Written by Kashish Tandon
As China flexes its muscles, the Pentagon is making serious efforts to establish an elaborate, multi-layered missile defense shield around the island of Guam where the US house a large military base.
As part of these efforts, the US Army has recently conducted an experimental deployment of the Israeli-made Iron Dome air defense system in the military base, The EurAsian Times reported in October 2021.
At present, the air and missile-defense equipment deployed in Guam include the Terminal High Altitude Area Defense (THAAD) system. This system is capable of intercepting certain ballistic missiles in the terminal stage of their flight.
Along with this, the island also has the Iron Dome unit which the service refers to as a temporary arrangement. The army says it has no plans to conduct any live-fire exercises with this system in Guam.
The American military has also proposed building a fixed Aegis Ashore missile defense site in Guam in view of air and missile threats from China. This Aegis Ashore system is similar to the one the US Navy operates in Romania.
— ICC (@IsraelCampus) November 11, 2021
However, Navy Vice Adm. Jon Hill, head of the Missile Defense Agency (MDA), said in March this year that a ground-based system may not be able to counter the various air and missile threats effectively. Instead, he proposed a distributed defense system comprising both subterranean as well as mobile components, The War Zone reported.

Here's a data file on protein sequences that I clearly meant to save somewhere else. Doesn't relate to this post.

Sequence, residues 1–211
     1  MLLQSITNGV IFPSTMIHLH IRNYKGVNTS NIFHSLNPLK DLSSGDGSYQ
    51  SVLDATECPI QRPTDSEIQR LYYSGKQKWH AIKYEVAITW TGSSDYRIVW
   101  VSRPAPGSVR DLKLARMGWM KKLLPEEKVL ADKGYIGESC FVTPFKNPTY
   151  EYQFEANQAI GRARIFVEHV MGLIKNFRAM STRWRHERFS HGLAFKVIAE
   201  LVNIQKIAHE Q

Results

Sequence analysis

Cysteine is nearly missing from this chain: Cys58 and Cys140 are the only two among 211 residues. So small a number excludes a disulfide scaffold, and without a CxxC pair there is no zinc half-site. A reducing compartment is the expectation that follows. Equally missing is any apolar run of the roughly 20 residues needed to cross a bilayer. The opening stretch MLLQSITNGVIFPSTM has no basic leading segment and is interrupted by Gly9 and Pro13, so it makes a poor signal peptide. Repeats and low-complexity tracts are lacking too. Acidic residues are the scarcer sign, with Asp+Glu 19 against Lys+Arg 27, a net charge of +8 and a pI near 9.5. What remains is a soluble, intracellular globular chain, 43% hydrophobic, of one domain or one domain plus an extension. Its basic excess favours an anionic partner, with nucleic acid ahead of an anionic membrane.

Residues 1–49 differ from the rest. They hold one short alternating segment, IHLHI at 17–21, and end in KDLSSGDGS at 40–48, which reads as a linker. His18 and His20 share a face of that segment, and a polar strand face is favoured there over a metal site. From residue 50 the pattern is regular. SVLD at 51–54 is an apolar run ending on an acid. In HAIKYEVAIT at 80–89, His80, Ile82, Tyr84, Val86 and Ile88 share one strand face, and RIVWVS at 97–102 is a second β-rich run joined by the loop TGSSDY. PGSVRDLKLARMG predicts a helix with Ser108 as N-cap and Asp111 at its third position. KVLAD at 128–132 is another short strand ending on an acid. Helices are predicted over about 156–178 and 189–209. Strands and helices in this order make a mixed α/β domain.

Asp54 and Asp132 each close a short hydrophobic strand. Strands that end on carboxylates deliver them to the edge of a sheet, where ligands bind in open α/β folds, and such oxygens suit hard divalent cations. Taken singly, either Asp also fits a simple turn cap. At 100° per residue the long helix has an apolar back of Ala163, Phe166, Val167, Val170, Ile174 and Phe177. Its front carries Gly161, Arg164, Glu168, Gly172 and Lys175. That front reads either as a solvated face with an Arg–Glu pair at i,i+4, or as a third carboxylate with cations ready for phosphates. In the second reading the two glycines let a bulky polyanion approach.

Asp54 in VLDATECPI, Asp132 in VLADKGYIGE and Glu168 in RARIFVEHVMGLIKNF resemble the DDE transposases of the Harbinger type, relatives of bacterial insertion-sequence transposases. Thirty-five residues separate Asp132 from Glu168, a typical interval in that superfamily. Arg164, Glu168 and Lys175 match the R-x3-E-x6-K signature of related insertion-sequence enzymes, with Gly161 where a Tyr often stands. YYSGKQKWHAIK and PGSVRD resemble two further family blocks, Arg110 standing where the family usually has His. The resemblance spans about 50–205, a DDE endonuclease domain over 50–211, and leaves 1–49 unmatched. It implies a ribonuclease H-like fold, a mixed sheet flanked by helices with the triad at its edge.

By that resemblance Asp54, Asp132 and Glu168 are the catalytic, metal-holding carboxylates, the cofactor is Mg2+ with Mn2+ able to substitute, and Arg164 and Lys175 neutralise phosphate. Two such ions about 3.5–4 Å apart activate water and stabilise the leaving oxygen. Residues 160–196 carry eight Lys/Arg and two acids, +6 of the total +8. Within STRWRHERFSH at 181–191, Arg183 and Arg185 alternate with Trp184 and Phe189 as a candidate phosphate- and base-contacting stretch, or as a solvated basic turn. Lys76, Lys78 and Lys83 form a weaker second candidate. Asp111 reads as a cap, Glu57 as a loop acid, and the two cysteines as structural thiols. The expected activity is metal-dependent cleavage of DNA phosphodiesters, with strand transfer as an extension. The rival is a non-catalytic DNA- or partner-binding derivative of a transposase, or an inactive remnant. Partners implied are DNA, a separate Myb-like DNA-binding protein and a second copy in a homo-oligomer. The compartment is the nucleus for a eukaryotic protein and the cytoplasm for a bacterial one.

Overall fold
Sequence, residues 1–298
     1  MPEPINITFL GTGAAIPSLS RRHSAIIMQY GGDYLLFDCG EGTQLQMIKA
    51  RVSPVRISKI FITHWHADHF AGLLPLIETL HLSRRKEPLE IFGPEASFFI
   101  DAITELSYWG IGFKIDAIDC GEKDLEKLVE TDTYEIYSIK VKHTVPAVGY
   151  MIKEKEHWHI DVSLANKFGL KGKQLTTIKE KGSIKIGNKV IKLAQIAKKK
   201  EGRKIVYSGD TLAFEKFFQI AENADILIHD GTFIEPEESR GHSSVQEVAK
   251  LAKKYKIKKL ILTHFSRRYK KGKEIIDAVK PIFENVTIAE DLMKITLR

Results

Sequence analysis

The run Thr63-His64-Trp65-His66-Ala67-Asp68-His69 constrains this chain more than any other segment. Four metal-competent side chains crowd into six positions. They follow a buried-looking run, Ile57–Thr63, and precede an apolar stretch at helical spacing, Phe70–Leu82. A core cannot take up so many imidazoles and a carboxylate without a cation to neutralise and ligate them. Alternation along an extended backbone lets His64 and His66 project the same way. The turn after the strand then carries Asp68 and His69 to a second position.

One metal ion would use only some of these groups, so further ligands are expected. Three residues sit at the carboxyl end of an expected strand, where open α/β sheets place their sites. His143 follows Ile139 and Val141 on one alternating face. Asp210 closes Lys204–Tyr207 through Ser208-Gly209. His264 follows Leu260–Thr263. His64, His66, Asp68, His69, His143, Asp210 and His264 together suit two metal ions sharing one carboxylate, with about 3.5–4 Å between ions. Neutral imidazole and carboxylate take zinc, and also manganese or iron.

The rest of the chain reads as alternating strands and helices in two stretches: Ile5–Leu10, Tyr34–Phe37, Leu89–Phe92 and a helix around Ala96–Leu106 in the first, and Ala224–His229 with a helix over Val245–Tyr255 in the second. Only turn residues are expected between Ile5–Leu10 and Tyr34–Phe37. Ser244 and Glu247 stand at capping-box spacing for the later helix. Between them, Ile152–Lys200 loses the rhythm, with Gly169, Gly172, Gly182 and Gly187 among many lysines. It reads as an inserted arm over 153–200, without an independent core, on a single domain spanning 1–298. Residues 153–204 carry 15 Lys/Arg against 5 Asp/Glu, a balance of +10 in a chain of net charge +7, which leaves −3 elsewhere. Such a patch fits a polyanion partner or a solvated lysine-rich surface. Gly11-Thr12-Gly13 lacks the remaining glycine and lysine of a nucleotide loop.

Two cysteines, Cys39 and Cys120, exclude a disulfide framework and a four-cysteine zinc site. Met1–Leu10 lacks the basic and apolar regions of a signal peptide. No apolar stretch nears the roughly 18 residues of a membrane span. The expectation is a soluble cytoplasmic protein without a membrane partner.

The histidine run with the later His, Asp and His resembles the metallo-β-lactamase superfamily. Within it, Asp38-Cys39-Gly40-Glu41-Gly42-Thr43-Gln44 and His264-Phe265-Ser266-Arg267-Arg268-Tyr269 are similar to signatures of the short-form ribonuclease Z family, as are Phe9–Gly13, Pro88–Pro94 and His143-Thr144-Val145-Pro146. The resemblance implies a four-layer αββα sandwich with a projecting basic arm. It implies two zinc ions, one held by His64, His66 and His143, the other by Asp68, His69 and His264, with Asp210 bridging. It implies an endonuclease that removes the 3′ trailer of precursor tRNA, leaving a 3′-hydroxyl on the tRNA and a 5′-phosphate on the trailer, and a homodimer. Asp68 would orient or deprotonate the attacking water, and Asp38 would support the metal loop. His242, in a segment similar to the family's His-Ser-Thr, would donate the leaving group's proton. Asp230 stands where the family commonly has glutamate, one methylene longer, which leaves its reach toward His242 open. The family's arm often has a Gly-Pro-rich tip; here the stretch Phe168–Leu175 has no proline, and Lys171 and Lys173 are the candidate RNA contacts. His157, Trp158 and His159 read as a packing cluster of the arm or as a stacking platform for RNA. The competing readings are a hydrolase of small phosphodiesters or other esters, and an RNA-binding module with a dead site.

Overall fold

“Any recommendations for additional studies, including a requirement for only mobile systems, disregard the immediacy and complexity of the threat and the absolute need to integrate fires across the region from a forward multidomain command and control node west of the international dateline”, now-retired Navy Adm. Philip Davidson, then head of U.S. Indo-Pacific Command (INDOPACOM), told members of Congress in March, USNI News previously reported.
Davidson is one of the top military officials who advocated the deployment of the Aegis Ashore system in Guam by 2026 as a deterrent measure against Chinese aggression in the Indo-Pacific.
The New Idea
The US Navy had announced plans to decommission its Ticonderoga class cruisers as part of its budget request for the fiscal year 2022.
At present, 21 of these ships are in the Navy’s inventory and it had planned to retire seven of the aging vessels. However, these Ticonderoga class cruisers can be repurposed for helping the US Army in setting up a “missile defense umbrella” around the highly strategic island of Guam.
Each cruiser is equipped with an Aegis combat system, a powerful AN/SPY-1A/B multifunction radar, and 122 Mk 41 Vertical Launch System (VLS) cells which can accommodate a number of missiles such as the SM-2 and SM-6 surface-to-air missiles as well as the SM-3 anti-ballistic missile interceptors, according to The War Zone.
The current Aegis Ashore system has the same radar which is found on the Arleigh Burke-class guided-missile destroyers along with a Vertical Launch System (VLS) in a ground-based station, according to USNI News.